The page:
Apple killing off web passwords? Safari trials WebAuthn logins on macOS

Safari could join Firefox, Chrome, and Edge support for Web Authentication.

Apple's WebKit team have added 'experimental support' for Web Authentication, the standard for enabling website logins by plugging a USB security key into a computer.

Web Authentication, or WebAuthn, is supported at different levels by Mozilla Firefox, Google Chrome, and Microsoft Edge.

In the latest version of Windows 10, version 1809, Windows users can use Edge to sign in to Office 365, Outlook.com, Skype, and OneDrive with a FIDO2 USB security key, such as Yubico's YubiKey 5 or Security Key.

WebAuthn works with a protocol called Client to Authenticator Protocol (CTAP), which FIDO keys rely on to generate private and public cryptographic key pairs for authenticating to a website. CTAP2 is also called FIDO2.

"Added Web Authentication as an experimental feature with support for USB-based CTAP2 devices," says the WebKit team in release notes for Safari Technology Preview release 71, which also introduces dark-mode support.

While the preview suggests Safari will at some point support WebAuthn, as CNET notes, experimental support doesn't guarantee that will happen.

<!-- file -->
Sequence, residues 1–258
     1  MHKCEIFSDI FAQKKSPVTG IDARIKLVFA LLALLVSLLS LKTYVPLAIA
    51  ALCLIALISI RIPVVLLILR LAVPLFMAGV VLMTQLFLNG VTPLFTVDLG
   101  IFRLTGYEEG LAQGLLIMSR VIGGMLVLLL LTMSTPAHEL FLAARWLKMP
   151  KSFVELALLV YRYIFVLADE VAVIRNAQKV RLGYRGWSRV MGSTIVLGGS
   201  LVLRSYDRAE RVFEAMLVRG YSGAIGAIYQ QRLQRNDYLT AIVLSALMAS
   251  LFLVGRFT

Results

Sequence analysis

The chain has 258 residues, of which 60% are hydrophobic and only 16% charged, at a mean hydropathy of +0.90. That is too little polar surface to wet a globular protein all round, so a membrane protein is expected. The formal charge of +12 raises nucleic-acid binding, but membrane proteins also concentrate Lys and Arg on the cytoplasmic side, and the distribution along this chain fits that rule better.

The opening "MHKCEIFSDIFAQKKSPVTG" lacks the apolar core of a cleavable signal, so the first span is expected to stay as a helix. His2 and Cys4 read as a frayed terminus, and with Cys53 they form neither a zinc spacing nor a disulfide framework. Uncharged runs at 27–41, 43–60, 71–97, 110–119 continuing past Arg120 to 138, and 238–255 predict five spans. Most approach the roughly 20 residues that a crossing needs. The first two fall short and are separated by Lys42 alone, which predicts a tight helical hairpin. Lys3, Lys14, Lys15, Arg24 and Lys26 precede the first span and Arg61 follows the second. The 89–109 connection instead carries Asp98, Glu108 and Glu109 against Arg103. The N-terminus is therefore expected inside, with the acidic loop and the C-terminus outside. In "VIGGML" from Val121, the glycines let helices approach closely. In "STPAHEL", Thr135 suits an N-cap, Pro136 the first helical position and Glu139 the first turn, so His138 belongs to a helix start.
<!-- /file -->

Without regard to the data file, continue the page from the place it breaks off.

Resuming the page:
Though several Apple employees are on the WebAuthn working group, it hasn't been certain whether Apple would join Google, Microsoft, and Mozilla in supporting the standard.

Besides Microsoft websites, the standard is supported by Dropbox, GitHub, Google, Facebook and others.

SEE: Apple iOS 12: An insider's guide (free PDF)

While WebAuthn does enable passwordless logins, it's also being used to streamline and improve two-factor authentication.

Google, for example, requires users of its Titan Security Keys, or other FIDO2 keys, to add them to its two-step verification process for Google Accounts.

The standard could reduce the dangers of users picking poor passwords and having them compromised in a breach or phishing attack.

An attacker armed with a correct password would also require physical access to the security key. The security key also offers better security than one-time-passcodes since these can be intercepted.

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